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thefinerprint t1_j5mxi7c wrote

So the CEO of a 100 person company would be paid the same as the CEO of a 100,000 person company? It would need to scale somehow.


trevor32192 t1_j5my4oo wrote

It does scale with the lowest paid worker.


Adventurous-Text-680 t1_j5n6118 wrote

You are basically arguing you feel internships should be abolished because no company would commit to hiring them.

You are also ironically pushing the idea of everyone working from home so they don't need facilities staff which tend to be unskilled labor that is low paying. This would reduce unskilled labor opportunities and place a burden on the labor market.

So software companies would be allowed to have better compensated CEOs than say a 10 person mom and pop store that needs to hire part time college students as cashiers. Assuming of course the mom and pop store can pull in enough money based on the ratio.

Furthermore you are pushing forth the idea that a newly hired person at the lowest level should be paid the same as the person with multiple years of experience otherwise reducing the CEO compensation. This would ironically lead to infighting among the workers when new hires are getting paid the same as experienced workers but not being productive.

The ratio idea basically pushes companies to not want to hire inexperienced workers and want to outsource all unskilled labor. Those consultating companies will drastically increase the cost of everything and the production costs increases.

However it misses the biggest issue. You think it will give better pay to lower paid workers but in reality they're isn't any cash for that pay in most companies without increasing the cost of goods and services. Instead you are basically telling companies they can't give as much stock to their CEO and that's about it. Lower paid workers don't want company stock and they certainly don't want the value of their compensation to be based on company performance.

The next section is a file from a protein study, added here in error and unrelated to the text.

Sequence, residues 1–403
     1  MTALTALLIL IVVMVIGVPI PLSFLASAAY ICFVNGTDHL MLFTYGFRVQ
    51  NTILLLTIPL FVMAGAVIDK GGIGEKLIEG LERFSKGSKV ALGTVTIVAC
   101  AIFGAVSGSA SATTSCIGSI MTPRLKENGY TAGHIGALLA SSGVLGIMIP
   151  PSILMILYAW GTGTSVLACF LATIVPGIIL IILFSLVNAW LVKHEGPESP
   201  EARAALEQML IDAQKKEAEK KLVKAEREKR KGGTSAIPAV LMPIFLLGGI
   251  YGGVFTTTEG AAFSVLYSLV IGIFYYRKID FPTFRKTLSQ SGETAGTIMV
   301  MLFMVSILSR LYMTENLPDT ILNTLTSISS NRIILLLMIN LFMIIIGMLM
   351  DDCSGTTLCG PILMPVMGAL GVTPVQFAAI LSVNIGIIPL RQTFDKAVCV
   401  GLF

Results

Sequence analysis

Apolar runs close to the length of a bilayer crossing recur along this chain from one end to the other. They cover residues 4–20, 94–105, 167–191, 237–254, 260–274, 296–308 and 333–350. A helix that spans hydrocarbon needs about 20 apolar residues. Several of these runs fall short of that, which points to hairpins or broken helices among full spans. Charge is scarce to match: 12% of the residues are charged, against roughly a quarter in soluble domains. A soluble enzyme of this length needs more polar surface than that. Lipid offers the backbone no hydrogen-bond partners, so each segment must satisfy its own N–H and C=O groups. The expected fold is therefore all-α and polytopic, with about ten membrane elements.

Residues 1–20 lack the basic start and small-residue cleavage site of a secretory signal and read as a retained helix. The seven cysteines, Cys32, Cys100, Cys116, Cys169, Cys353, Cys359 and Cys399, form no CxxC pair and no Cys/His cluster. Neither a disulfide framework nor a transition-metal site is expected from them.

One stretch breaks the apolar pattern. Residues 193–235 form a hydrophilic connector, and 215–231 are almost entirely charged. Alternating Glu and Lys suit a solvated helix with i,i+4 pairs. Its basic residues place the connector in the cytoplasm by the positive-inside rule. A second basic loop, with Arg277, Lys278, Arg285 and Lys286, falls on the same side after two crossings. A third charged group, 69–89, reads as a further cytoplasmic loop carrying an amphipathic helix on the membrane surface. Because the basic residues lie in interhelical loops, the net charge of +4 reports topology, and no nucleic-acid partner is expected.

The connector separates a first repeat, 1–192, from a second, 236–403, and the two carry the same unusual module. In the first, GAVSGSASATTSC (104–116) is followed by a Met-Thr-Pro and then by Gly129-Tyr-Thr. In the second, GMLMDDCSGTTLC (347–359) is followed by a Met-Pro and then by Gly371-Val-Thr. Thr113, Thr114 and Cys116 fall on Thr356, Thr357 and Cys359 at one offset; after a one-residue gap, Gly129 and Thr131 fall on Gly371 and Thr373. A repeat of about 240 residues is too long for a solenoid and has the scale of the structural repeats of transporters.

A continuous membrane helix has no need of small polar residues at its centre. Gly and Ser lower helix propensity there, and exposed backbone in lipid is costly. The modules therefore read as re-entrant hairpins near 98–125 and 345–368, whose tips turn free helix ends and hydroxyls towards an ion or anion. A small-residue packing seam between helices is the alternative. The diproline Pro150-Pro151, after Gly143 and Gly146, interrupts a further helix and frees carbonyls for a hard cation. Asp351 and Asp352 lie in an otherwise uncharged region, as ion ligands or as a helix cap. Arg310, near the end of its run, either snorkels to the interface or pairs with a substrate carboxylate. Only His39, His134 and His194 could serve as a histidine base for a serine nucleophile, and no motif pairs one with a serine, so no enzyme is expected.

trevor32192 t1_j5o3drn wrote

It's amazing that you said all that, and none of it is true or relevant. Nothing is stopping companies from having janitors, nor forcing companies to pay someone with no experience, the same as someone with 5 years experience. There is plenty of cash in most companies to pay low wage workers. If there isnt enough money in a company to fairly compensate staff then they shouldn't be in business.


Adventurous-Text-680 t1_j5s2xim wrote

I am confused because you literally mentioned that companies should limit CEOs compensation based on the lowest paying wage. I am mentioning that would not have the intended effect of reducing compensation and potentially create incentive to reduce low wage employees by outsource when possible making what your are suggesting pointless.

You can't increase pay for low wage employees unless you increase the minimum wage. That is what increases pay to ensure a livable wage not trying some round about way to limit ceo compensation.

You would be surprised to know that not all companies have enough money to keep all their employees and us why we are seeing layoffs. The problem you don't seem to understand is liquidity.


trevor32192 t1_j5t0dud wrote

Lol it doesn't limit Ceo pay it keeps a ratio. Raising the minimum wage is good until we dont do it for 30 years, and it massively falls behind.

If your company has to rely on keeping its employees in poverty, then it should fail.


Adventurous-Text-680 t1_j5thnoz wrote

You don't seem to get it.

People are willing to work low paying jobs because there will always be someone willing to work for less. Low skill jobs have a lower floor. Look at Uber drivers. Many barely make profit after you include wear and tear on their vehicle along with fuel costs. In fact, Uber eats to great then as independent contractors so they aren't even employees and dont have the same protection.